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  22. Originally Posted by SameSelf View Post
    This is a very tortuous thread that conflates many issues with many misstatements by just about everyone. I have personally vetted numerous endlessly lossless pathways in my workflows. It is a very exacting process and complicating it with a filter like deinterlacing is just foolishness.
    Do you watch your interlaced video on a progressive display without foolishly de-interlacing it on playback?

    Originally Posted by SameSelf View Post
    However, theoretically, one could losslessly deinterlace (assuming here the criteria for lossless is the ability to perfectly regenerate the source video from the deinterlaced video) if one used exact interpolation and preserved all the fields--but this looks like crap, so it is never done in practice, plus it would require a special deinterlacer devoid of any AA/dithering or smoothing.
    In practice, it's exactly what Yadif(mode=1) does.
    It's also exactly what QTGMC(Lossless=1) does.
    In practice QTGMC(Lossless=2) restores the original pixels before applying any sharpening or temporal smoothing.

    Originally Posted by SameSelf View Post
    Just because Avisynth has been tuned to behave a certain way does not mean that is how all cases behave or could behave. IOW, what people really mean when they argue on VH about such and such being lossless is Avisynth's implementation is not lossless.
    Bob() is the built in Avisynth de-interlacer, but nobody has recommending using it. Did you read the thread before deciding what everyone else means?
    Bob(0.0, 1.0) is lossless for RGB and YUY2 and preserves the Luma for YV12.
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  23. Originally Posted by johnmeyer View Post
    Deinterlacing ALWAYS If your video is interlaced, save it as interlaced and then use the deinterlacer in your TV when you watch it.
    You're suggesting the cheap IC-based, real-time deinterlacers in consumer electronics will produce a better output than a properly configured, offline, non-real-time deinterlacer.

    What absolute nonsense.
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  24. Originally Posted by EternalQuadrangle View Post
    Originally Posted by johnmeyer View Post
    Deinterlacing ALWAYS If your video is interlaced, save it as interlaced and then use the deinterlacer in your TV when you watch it.
    You should probably get your quotations correct.

    Originally Posted by johnmeyer View Post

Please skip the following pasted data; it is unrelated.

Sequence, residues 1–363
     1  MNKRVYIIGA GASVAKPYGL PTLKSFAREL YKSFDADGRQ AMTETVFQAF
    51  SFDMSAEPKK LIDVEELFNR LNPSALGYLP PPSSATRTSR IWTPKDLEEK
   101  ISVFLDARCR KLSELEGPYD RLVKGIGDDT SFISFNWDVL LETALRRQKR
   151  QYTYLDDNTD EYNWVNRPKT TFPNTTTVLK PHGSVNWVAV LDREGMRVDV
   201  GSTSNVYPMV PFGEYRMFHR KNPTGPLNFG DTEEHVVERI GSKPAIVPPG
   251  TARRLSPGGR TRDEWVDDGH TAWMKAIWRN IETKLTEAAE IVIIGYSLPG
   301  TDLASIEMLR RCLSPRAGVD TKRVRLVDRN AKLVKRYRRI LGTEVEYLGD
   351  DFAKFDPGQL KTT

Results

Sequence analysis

Deinterlacing ALWAYS degrades the video.
    .
    .

    My recommendation has always been this: do NOT deinterlace unless you absolutely have to. If your video is interlaced, save it as interlaced and then use the deinterlacer in your TV when you watch it.
    Originally Posted by EternalQuadrangle View Post
    You're suggesting the cheap IC-based, real-time deinterlacers in consumer electronics will produce a better output than a properly configured, offline, non-real-time deinterlacer.

    What absolute nonsense.
    Unless using AviSynth's QTGMC as a deinterlacer then, yes, a hardware deinterlacer could very well be as good or better than any other software deinterlacer. They're pretty good these days, and getting better all the time.

    Did you sign up here just to make that misinformed comment on a thread nearly a year old?
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  25. Originally Posted by EternalQuadrangle View Post
    Originally Posted by johnmeyer View Post
    Deinterlacing ALWAYS If your video is interlaced, save it as interlaced and then use the deinterlacer in your TV when you watch it.
    You're suggesting the cheap IC-based, real-time deinterlacers in consumer electronics will produce a better output than a properly configured, offline, non-real-time deinterlacer.

    What absolute nonsense.
    Who are you? You can't even quote me correctly, something that requires nothing more than a click of the mouse. You actually have to work at getting it wrong.

    And your comment neglects the fact that the hardware deinterlacer has direct control of the hardware itself. Also, it may be cheap, but that has nothing to do with whether it can get the job done well. It has been a long, long time since I've seen anyone complain about the quality of deinterlacing on a Sony, Samsung, or other quality TV. Those days are long gone.
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  26. aBigMeanie aedipuss's Avatar
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    those CHEAP ic "integrated circuits" are what power computers also, and they are the brains of all hardware. ignore the ignoramus, it was it's first post here and likely it's last.